A coalition of CWA activists, students, the faith group PICO, immigration advocacy groups, SEIU and the American Civil Liberties Union convinced the New Jersey state legislature to stand tough on legislation to allow undocumented immigrants who attended and graduated from a New Jersey high school to be eligible for in-state rates at public higher educational institutions, including in-county rates at community colleges.
As a result, these young students, who grew up in the state, now will be able to attend college and other higher education programs at in-state tuition rates.
Governor Chris Christie had wanted to weaken the bill even more but finally agreed to a compromise. Christie did veto provisions that would have granted those students eligibility for state financial aid programs. Christie campaigned for re-election last year and claimed he supported "tuition equality." Over the past few weeks he has been raising objections to the bill.
Hetty Rosenstein, CWA's New Jersey state director, said, "CWA has worked with students, immigration rights advocates, the ACLU, other unions, and the religious community for more than a year to get this done. Through direct action and intense public pressure, we ran a campaign that will force Chris Christie to do what he never wanted to do: sign a bill that will bring us closer to equality and opportunity for undocumented students."
Christie was expected to sign the bill today.
The U.S. Supreme Court has dismissed a case dealing with the right of unions and employers to negotiate neutrality agreements for union organizing campaigns.
The case, Mulhall v. UNITE HERE Local 355, was brought by the National Right to Work Legal Defense Foundation, and stemmed from a neutrality agreement in place at a Florida casino, Mardi Gras Gaming.
The Supreme Court heard arguments, but determined that the case should be returned to the lower court, the 11th Circuit U.S. Court of Appeals. The Supreme Court's decision to dismiss the case means that neutrality agreements can continue to be negotiated, though they may be challenged in Alabama, Georgia and Florida, where a challenge to them was upheld.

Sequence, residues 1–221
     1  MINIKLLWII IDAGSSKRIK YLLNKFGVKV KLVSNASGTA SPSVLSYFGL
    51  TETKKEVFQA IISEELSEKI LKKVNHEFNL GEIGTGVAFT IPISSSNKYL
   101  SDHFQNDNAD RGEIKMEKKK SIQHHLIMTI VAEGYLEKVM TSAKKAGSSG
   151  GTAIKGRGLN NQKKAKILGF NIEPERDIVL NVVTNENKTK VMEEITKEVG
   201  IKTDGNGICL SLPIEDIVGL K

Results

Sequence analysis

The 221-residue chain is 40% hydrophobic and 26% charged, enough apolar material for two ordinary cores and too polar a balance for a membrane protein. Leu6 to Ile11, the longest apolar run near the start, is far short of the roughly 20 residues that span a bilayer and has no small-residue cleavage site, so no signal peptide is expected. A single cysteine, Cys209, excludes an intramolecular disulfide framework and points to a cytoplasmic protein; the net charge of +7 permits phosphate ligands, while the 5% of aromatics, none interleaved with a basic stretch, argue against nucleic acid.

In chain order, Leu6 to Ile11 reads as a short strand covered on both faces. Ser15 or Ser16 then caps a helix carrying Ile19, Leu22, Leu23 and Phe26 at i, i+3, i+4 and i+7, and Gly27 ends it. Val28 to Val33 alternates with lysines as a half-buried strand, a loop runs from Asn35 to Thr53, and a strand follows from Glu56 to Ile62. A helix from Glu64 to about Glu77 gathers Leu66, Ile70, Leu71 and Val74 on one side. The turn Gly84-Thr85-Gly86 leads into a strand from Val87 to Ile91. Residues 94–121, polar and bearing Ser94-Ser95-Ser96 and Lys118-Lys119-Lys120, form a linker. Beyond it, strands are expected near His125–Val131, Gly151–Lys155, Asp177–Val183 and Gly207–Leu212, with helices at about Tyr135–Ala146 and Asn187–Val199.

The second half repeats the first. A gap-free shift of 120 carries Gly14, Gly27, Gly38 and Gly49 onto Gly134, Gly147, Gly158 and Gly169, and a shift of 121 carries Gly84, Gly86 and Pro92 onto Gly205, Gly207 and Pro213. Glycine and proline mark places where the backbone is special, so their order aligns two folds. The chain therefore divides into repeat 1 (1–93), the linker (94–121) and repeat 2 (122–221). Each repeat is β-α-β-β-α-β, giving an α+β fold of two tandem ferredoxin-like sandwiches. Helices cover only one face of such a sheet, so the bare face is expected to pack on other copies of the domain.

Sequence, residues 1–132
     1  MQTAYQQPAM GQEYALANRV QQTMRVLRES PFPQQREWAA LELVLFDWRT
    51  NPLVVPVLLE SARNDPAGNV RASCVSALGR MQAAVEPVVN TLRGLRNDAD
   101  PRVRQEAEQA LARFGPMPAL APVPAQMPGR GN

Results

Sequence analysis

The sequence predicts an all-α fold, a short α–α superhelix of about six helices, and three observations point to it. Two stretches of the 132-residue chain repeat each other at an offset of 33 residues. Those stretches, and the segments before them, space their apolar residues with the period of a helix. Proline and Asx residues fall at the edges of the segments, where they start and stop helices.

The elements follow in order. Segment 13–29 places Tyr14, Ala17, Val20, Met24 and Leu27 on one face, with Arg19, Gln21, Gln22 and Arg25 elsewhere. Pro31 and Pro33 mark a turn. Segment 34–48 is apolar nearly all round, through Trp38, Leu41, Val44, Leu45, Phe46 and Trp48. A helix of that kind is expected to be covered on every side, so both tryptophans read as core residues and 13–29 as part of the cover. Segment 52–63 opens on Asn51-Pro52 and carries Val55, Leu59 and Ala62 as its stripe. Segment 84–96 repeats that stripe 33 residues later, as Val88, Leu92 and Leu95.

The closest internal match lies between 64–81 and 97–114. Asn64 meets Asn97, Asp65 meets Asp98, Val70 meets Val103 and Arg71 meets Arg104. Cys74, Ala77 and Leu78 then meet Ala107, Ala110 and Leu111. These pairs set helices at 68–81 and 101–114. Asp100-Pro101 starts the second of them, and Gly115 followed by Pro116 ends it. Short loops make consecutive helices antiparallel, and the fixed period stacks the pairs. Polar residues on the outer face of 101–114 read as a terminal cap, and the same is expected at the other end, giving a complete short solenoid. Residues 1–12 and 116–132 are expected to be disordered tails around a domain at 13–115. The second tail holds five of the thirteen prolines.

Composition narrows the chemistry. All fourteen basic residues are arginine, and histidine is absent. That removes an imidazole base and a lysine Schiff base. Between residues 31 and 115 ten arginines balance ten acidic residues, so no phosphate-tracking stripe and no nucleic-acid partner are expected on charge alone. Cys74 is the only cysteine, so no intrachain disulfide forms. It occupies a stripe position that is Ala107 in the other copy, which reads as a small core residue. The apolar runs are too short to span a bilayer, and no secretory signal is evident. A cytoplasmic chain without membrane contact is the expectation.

AT&T said it plans to sell its wireline operations in Connecticut to Frontier Communications for $2 billion. The sale must be approved by the Federal Communications Commission, the U.S. Department of Justice, the Connecticut Public Utilities Regulatory Authority and other state regulators.
The current contract covering 2,800 CWA members at AT&T East will remain in force and workers will continue to have the protections and benefits of that agreement.
CWA represents workers at Frontier Communications in West Virginia, Ohio, Pennsylvania, New York, North Carolina and other states.
Celebrating after the NLRB vote count are Dominic Torres (who was illegally fired) with his 5 year-old daughter Deanna, Angelo Cerniglia and Local 1106 Secretary-Treasurer Frank Tallarine.
In an NLRB election this week, 31 instructors at Lincoln Technical Institute in New York voted 24-3 to join CWA Local 1106.
The instructors formed a very strong inside committee, and 17 people wore red CWA wrist bands every day. The campaign run by the union busting law firm Jackson Lewis LLP was no match for this group, who stood strong despite illegal terminations of three union supporters, constant threats and promises of raises at the last minute.
CWA Local 1106 Secretary-Treasurer Frank Tallarine was instrumental to this win.
'We are People, Not Robots!'
Outside Amazon's global headquarters in Seattle, CWA activists protested unfair working conditions and wages at Amazon's warehouses in Germany. CWA activists joined Amazon's German workers, who are represented by the union ver.di, in saying, "We are people, not robots!" Amazon workers across Germany have been holding a series of rolling strikes in the middle of the busy Christmas season to push the company to negotiate with their union, ver.di. Check out more photos at GeekWire.
Exposing Deutsche Telekom as a "Black Book Telecom"